Last updated on May 15th, 2018 at 09:48 am
There’s so much to create using the Cricut Knife Blade. Here are 10 of my best Knife Blade tips to get it just right every time! You’ll learn how to prep your mat, what to look for in Design Space, and other tricks for making the most of your Cricut Knife Blade.
Last week, the Cricut Knife Blade was launched! I did a quick overview of some of the basics and promised I’d be back with some really important things you need to know about using the Knife Blade.
These ten tips will help ensure your Cricut Knife Blade projects cut right the first time and you don’t ruin your materials or blade.
Cricut Knife Blade Tips for Success
1. Change Your Mindset
Like I said last week, projects made with the Knife Blade require you to change your mindset. The Explore makes projects quickly and easily, whereas projects made with the Maker and Knife blade take much longer that you might expect. The Knife Blade makes multiple passes to cut thicker materials. Depending on the depth of the material and the complexity of your design, you may find yourself waiting an hour or more for a cut to finish. Once the Knife Blade makes its first pass, Cricut Design Space will estimate the number of passes the cut will take and how long you can expect to wait.
Yes, it’s kind hard to wait for these longer cuts, but the new projects you can design and make with the Knife Blade are worth it!
2. Calibrate Your Cricut Knife Blade Housing
First and foremost, before you do any cutting with your Knife Blade, you’ll need to calibrate it. Click here to get step-by-step instructions!
3. You Can’t Use the App
Cricut has disabled use of the Knife Blade in the Cricut Design Space apps. This is because your device must maintain its Bluetooth connection during the longer cut times (see #8 below). If you’re anything like me, the odds of you not walking away from your Cricut with your phone are…slim. Okay, zero. I don’t know about you, but I am definitely taking my phone with me to the kitchen to get a snack and check Facebook—totally forgetting that it’s connected to my Cricut.
The last thing you want is for your cut to cancel out in the middle of your project because you lost connection, especially since the cut times are long and the materials are often more expensive. So you have to use your desktop or laptop computer when using the Knife Blade.
4. Turn Off Sleep Mode
Similarly, you may lose connection if you computer goes to sleep. So make sure you turn off Sleep Mode on your computer when you’re using the Knife Blade.
5. Browser Tips
Always use Design Space in a Google Chrome browser in a dedicated window and try to avoid opening additional tabs. If you absolutely must use the internet while working with Knife Blade, create a new window and use that, instead of new tabs in the window where you’re using Cricut Design Space.
6. Remember Minimum Cut Sizes
When designing your files to cut with the Knife Blade, make sure to remember it’s not an intricate cut blade. You want your inside cuts (the inside of an “O” for instance) to be larger than 3/4″.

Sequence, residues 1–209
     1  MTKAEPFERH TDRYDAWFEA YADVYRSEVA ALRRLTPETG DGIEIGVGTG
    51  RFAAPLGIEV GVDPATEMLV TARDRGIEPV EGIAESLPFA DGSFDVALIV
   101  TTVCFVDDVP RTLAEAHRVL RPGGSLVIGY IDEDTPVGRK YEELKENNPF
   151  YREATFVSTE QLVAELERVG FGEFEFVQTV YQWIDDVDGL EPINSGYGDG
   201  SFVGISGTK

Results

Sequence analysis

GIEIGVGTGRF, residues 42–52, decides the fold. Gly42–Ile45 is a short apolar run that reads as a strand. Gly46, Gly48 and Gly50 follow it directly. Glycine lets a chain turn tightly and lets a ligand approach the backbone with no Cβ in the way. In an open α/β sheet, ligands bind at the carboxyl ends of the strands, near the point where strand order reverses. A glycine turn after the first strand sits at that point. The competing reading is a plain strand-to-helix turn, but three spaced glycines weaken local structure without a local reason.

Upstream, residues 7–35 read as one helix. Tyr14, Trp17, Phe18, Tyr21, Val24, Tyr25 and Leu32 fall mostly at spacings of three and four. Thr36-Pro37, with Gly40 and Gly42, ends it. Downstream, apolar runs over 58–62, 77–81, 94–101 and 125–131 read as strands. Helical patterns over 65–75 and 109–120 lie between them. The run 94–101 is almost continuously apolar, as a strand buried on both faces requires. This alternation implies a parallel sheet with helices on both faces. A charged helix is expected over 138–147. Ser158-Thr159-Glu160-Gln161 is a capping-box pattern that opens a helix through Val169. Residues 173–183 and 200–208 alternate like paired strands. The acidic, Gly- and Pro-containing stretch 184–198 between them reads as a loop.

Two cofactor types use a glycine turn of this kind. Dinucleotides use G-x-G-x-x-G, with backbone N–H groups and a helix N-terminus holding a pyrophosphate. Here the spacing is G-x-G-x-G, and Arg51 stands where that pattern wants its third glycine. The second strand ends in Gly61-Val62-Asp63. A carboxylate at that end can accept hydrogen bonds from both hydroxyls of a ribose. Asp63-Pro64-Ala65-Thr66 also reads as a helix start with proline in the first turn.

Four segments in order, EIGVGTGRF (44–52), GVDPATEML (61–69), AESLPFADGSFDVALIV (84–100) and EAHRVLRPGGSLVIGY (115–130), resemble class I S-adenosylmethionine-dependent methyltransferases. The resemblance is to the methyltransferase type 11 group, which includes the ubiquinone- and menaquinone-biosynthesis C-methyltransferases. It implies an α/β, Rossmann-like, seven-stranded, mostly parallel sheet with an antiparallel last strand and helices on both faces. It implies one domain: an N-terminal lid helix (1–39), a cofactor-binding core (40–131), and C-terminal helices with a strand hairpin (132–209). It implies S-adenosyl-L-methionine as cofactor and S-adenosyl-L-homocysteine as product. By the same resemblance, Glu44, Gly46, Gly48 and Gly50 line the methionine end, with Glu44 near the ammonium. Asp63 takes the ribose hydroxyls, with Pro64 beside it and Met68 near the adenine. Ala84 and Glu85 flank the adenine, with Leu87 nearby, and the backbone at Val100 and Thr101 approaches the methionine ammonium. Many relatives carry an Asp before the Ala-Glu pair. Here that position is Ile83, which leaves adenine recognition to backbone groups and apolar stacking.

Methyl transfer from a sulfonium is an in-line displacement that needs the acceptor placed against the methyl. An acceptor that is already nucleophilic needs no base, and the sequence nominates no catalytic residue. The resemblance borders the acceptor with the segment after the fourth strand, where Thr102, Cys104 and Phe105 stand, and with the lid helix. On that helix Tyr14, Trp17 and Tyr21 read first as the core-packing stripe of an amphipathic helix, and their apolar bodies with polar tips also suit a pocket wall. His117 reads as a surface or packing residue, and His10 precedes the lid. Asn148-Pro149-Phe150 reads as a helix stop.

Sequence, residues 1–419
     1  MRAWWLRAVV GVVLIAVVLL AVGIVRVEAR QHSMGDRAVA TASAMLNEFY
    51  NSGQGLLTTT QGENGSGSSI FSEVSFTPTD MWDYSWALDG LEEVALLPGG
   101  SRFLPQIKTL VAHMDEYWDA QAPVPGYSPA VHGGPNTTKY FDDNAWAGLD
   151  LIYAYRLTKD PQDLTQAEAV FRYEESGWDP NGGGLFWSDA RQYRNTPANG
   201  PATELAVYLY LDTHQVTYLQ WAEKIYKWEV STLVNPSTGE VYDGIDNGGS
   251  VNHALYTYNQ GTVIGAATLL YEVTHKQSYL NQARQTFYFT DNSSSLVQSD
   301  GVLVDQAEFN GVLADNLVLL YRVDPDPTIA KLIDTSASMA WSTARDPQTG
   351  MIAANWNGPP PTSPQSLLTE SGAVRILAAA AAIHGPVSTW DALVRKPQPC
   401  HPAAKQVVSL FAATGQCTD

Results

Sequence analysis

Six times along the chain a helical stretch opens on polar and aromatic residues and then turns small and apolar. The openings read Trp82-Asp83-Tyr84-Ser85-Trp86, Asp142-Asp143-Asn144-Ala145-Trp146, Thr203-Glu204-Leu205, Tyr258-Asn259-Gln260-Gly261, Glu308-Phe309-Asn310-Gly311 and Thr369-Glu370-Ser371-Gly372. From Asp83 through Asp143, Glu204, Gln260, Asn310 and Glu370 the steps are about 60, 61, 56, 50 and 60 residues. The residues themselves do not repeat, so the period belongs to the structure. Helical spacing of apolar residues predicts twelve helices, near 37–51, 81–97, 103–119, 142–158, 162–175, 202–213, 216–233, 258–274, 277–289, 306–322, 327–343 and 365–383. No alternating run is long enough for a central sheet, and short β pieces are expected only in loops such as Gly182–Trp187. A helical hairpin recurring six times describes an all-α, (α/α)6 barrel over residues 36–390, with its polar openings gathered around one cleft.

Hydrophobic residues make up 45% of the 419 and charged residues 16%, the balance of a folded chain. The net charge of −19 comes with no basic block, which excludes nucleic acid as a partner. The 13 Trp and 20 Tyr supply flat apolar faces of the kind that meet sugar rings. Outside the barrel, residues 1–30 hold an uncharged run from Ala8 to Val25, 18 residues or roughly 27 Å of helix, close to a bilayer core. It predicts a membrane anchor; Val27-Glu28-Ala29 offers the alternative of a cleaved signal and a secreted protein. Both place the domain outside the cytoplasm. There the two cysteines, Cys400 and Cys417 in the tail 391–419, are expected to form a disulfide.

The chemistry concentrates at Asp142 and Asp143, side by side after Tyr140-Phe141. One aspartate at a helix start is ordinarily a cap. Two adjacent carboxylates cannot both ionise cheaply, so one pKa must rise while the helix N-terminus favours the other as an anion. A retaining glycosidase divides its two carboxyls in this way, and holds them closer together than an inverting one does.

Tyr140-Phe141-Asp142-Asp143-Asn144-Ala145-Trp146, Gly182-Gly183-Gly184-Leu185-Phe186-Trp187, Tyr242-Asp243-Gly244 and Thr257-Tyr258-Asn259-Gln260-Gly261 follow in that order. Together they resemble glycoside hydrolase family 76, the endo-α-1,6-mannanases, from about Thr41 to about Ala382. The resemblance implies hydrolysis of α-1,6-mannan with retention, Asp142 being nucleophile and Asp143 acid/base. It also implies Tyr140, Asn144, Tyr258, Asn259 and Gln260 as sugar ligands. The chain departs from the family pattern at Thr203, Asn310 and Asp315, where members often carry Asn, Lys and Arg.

Also, make sure any pieces that you cut are at least the width of a pencil. This helps minimize the risk of tearing your materials.
You can always test with smaller pieces. I’ve had good success with smaller cuts…and a lot of chewed up chipboard and broken basswood. Test and see how your files work!
7. Tape Your Material to Your Mat
This sounds a little hacker-y, but taping your material to your mat is vital when cutting with the knife blade. The Cricut Maker and Knife Blade cut with 10x more force than Explore, so you need to ensure that your material isn’t moving around on your mat. Cricut could come up with a stickier adhesive, but then they run the risk of the top layer of your material peeling up when you remove it from the mat (think “ply” materials like matboard). So taping is the best solution, even if it’s not the prettiest! Tape along all four sides of your material, most or all of the length of your material.
8. Move the Star Wheels
Move the white star wheels on the roller to the right. They can cause indentations, particularly in materials like leather and foam. While you’re at it, make sure your materials are no wider than 11″—this will keep those moved star wheels from ruining your project.
9. Paused Cuts and Clearing Debris
Sometimes your machine may stop cutting in the middle of a cut. This is usually due to debris or a natural defect in your material. Do not remove your mat! Just use some canned air or blow to clear the debris and press the C again and it will resume cutting your project.
10. Add One More Pass
At the end of a cut, Design Space will show you a prompt to check your cuts. I usually use the weeding tool or spatula to see if it is cut all the way through. If not, you can add one more pass (and more if you need them!).
More Cricut Tips & Tricks